Nixon, The War on Drugs, and Drug Courts – Video
Nixon declared war on drugs. Nancy Reagan just said no. Neither of those were effective strategies to help alleviate the problems flowing from the epidemic of drug abuse that plagues us to this day. Florida Drug Courts have come to their senses and prosecutors are using treatment courts to help people who are otherwise crime-free, seeking help to avoid convictions for serious drug crimes. Check the end of this post you will find the complete transcript of Nixon’s original declaration of war on drugs.
Songwriter and Investigative Journalist Mike Deeson and I worked on an investigative report on the positive impacts of Drug Courts in Florida. 40 years ago, President Richard Nixon declared a war on drugs. 3 years later, in 1974, he said the war was a success. Here is a new song called Florida Drug Court Blues.
“We must wage what I have called Total war against public enemy number one in the United States the problem of dangerous drugs.”
Florida Drug Court
In Pinellas County – a different approach Chief Judge Thomas McGrady says 80% of the crimes are related to substance abuse. For the most part the solution of the problem is incarceration. But in situations where they are non-violent and in a situation where we could get to the point where they could become productive members of society. That seems to be a better use of our limited resources to put it towards treatment rather than in prison.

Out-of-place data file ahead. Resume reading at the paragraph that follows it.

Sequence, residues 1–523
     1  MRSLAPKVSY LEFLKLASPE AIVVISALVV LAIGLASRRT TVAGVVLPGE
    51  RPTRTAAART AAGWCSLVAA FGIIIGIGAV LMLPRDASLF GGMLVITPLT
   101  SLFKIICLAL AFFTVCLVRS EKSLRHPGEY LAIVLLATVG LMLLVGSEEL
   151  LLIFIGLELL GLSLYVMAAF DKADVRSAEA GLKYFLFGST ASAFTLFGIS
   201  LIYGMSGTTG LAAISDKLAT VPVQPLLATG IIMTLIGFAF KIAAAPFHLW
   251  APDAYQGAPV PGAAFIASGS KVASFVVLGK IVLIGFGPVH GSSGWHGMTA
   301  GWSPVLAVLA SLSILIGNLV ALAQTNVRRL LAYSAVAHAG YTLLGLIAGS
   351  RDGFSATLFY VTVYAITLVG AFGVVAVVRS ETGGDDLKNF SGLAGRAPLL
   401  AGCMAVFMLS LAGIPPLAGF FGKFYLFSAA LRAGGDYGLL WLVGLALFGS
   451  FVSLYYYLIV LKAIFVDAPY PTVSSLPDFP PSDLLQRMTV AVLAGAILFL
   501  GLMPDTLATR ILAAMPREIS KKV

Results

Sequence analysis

Sentencing offenders to treatment instead of prison offenses costs taxpayers more than 377 million dollars a year.
“Drug offenders are not bad people trying to get good, they are sick people who can get well.”
One local sheriff said drug abusers should be in prison that’s working so well that’s keeping the people of this community and this state safe. He urges legislators and the governor to leave it alone. Drug treatment courts are too radical says the sheriff.
“Seeing violent offenders out of prison is too radical, some guy with a machine gun or rocket launcher, somebody who is a violent felon is not going to prison because some non-violent offender is in on a minimum mandatory drug sentence. That is too radical. That’s disturbs me greatly and it happens all the time.”
Casey the Lawyer
Sending a drug abuser to prison instead of into a program has a societal cost as well and there is a good chance that the judge will see that same drug abuser in front of him or her once again.
“Prison is graduate school for whatever they were doing before they got in there.”
Casey the Lawyer
At DACCO there is a 6 month residential program that has close to a 70% success rate at the cost of about $10,000 compared that to the average 6.4 year sentence costing taxpayers $124,000 per offender locked up.
As Mike Deeson said, Nixon “declared a war that is clearly being lost .”
Here is Mike’s Youtube Channel
Drug Treatment Court Resources
Transcript of Richard Nixon’s War on Drugs Speech on June 17, 1971
Ladies and gentlemen:
I would like to summarize for you the meeting that I have just had with the bipartisan leader which began at 8 o’clock and was completed 2 hours later.
I began the meeting by making this statement, which I think needs to be made to the Nation: America’s public enemy number one in the United States is drug abuse. In order to fight and defeat this enemy, it is necessary to wage a new, all-out offensive.